|Notes and Observations, Week 3: Offense Struggles, Patriots Top Raiders 16-9||If the Playoffs Started Today – MLB Week 24||Connelly’s Top Ten: Average Patriots Make Sunday Boring||Week 3 Preview: Raiders at Patriots, Sept. 21, 2014|
With the Bruins’ training camp just getting underway, Sports of Boston will be previewing the goaltenders, defensemen and forwards. As last season’s playoffs proved, a hockey team’s success hinges on the quality of its goalie. A good goalie can bail out a poor defense, kill penalties single-handedly and frustrate even the fastest, craftiest shooters. A bad goalie, on the other hand, can take out a team so early in the game that his teammates won’t know what hit them (see 2011 Stanley Cup, Game 6).
Since the position is so crucial, let’s start our previews with the Bruins’ goaltenders:
Tim Thomas had the kind of 2010-11 season that goaltenders dream about. He set an NHL single-season record with a .938 save percentage (for which he won the Roger Crozier Saving Grace Award) that, combined with a 35-11-9 record and 2.00 GAA, won him his second Vezina Trophy (best goaltender in the league). In the playoffs, he performed even better, posting a .940 save percentage and a 1.98 GAA en route to winning the Conn Smythe Trophy (playoffs MVP) and the Stanley Cup. No goalie had ever before won those four trophies in the same season.
Thomas’ greatest strength is his self-awareness. There are may different ways to play the position, and Thomas has figured out his own strengths and weaknesses enough that he can maximize his effectiveness in goal. His reaction time isn’t quite as fast as younger goalies’ (he’s 37), so instead he comes out of the crease a bit earlier and uses his bulk (he weighs 201 pounds) to cut off shooting angles. When a player gets too close, Thomas comes out and attacks the shooter, not the puck. The Canucks’ Henrik Sedin got a taste of that strategy in Game 3 of the Stanley Cup.
Thomas’s working-class roots and everyman demeanor make him the kind of Boston athlete fans identify with and love. He has unshakable confidence in his abilities to guard the net, and when he has to, he has proven he can carry the Bruins to victory.
It’s unlikely Thomas will repeat the accomplishments of last season, considering how many factors are beyond his control. More shots on goal will likely lower his save percentage, while better offensive play in the playoffs might cost him the Conn Smythe. Nonetheless, Bruins fans can’t ask for anyone better to start in goal next season. There is no one better than Thomas.
Tuukka Rask had an excellent rookie year in 2009, winning 22 of the 45 games he played (39 starts) while posting a 1.97 GAA. In the playoffs, however, Rask was noticeably less effective. His GAA jumped to 2.67 and his save percentage dropped nearly 20 points. In the four consecutive losses of the Bruins’ historic 2009 collapse against the Flyers, Rask allowed a combined 15 goals.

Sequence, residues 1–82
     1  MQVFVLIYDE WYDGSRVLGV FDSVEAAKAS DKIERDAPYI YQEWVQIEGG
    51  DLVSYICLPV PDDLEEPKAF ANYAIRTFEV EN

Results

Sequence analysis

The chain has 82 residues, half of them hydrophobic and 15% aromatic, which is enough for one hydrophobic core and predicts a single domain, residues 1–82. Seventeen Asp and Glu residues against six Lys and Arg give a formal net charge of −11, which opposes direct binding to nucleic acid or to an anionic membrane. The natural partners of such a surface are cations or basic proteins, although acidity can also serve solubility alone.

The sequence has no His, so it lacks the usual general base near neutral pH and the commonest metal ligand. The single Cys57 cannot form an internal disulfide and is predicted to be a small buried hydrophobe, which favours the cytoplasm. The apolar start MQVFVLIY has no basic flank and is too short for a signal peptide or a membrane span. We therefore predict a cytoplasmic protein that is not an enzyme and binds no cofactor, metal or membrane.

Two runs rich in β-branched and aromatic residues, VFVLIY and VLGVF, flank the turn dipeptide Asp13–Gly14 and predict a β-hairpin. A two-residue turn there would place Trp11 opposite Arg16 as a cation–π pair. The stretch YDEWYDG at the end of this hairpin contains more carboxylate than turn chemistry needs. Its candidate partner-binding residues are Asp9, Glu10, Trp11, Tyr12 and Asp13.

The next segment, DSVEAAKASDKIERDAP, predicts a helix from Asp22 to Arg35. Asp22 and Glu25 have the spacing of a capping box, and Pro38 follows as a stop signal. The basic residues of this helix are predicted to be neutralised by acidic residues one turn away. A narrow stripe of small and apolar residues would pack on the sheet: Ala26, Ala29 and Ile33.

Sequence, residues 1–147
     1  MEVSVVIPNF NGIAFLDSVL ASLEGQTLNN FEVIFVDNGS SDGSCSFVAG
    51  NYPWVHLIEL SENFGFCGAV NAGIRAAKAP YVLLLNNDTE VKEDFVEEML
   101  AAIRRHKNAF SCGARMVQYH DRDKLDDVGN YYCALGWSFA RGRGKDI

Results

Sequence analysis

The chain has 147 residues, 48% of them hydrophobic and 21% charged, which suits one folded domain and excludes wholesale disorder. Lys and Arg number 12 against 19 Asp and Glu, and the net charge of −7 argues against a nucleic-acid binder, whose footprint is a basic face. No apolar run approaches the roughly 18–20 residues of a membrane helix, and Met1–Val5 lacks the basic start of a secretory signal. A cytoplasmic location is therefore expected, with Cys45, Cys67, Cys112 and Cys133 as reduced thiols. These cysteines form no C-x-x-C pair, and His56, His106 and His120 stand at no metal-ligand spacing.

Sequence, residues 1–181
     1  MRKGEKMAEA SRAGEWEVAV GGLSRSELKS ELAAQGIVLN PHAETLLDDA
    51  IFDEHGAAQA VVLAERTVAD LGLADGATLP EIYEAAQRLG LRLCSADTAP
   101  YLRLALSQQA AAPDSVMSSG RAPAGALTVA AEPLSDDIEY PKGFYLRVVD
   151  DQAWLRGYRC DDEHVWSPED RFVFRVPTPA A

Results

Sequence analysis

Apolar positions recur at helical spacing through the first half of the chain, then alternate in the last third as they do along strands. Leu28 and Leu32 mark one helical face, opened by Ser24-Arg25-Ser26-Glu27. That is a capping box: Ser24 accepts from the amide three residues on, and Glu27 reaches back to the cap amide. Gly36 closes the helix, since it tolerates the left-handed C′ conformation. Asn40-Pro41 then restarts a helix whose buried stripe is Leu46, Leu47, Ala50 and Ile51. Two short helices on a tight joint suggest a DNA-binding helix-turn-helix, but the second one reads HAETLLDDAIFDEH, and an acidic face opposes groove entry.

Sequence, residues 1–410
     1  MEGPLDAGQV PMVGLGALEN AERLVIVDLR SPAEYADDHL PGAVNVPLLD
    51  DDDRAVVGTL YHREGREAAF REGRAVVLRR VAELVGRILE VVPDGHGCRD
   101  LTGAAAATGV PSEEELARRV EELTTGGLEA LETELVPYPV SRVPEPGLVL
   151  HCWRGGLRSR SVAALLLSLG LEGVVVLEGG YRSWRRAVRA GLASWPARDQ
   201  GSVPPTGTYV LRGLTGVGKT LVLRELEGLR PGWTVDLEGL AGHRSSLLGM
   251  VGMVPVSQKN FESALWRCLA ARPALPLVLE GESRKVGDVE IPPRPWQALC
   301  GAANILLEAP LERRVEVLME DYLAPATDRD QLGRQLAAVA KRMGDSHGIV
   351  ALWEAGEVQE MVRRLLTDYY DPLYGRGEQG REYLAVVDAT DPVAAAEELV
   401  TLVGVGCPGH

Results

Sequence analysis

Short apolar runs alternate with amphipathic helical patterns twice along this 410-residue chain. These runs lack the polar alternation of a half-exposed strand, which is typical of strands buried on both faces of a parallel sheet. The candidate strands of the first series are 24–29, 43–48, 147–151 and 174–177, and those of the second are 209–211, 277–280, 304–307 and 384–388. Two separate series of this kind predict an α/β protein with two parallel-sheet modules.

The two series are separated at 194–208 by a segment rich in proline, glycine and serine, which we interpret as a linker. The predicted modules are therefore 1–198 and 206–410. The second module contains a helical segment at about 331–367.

Rask has yet to fully recover from that collapse, and he went 11-14-2, posted a .918 save percentage and again allowed 2.67 goals per game last season. His 2010-11 season was poor enough that there was never a debate over who the Bruins should start in goal.
The Bruins don’t need much out of Rask, but Thomas won’t start all 82 games: In his last four seasons, he’s never started more than 55 (about two-thirds of a season). After starting all 25 of the Bruins’ playoff games, Thomas will be that much more in need of rest during the regular season. Rask has to step up this year, or the Bruins may turn to…
The Bruins traded for Anton Khubodin from the Minnesota Wild back in February, then assigned him to the Providence Bruins. In 16 games with Providence last season, Khubodin went 9-4-1 with a .913 save percentage and a 2.40 GAA.
It’s unlikely Khubodin will make the NHL squad out of the gate this season, instead returning to Providence and the AHL, the league Khubodin has played in for most of his U.S. career. Khubodin has only played in six NHL games ever, going 4-1 in four starts with a 1.39 GAA and a .955 save percentage in limited action (just 134 shots against).
Khubodin gives the Bruins another option at backup, but little else. He doesn’t have the experience to be the primary goalie for an NHL team. If Rask can’t regain his 2009 form, however, the Bruins may give Khubodin a spot-start here and there. Doing so will slowly give Khubodin more experience, let him learn watching one of the best goalies in the league, and possibly raise his trade value.
If Thomas gets hurt, Rask will be the replacement. But if Rask can’t get the job done, Khubodin might get a shot.